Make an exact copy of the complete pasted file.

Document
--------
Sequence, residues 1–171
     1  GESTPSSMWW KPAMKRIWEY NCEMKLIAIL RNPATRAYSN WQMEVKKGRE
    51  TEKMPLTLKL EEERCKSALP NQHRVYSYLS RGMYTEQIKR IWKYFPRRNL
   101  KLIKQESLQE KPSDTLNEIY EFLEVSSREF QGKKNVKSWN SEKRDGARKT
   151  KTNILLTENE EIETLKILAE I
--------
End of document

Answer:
Sequence, residues 1–171
     1  GESTPSSMWW KPAMKRIWEY NCEMKLIAIL RNPATRAYSN WQMEVKKGRE
    51  TEKMPLTLKL EEERCKSALP NQHRVYSYLS RGMYTEQIKR IWKYFPRRNL
   101  KLIKQESLQE KPSDTLNEIY EFLEVSSREF QGKKNVKSWN SEKRDGARKT
   151  KTNILLTENE EIETLKILAE I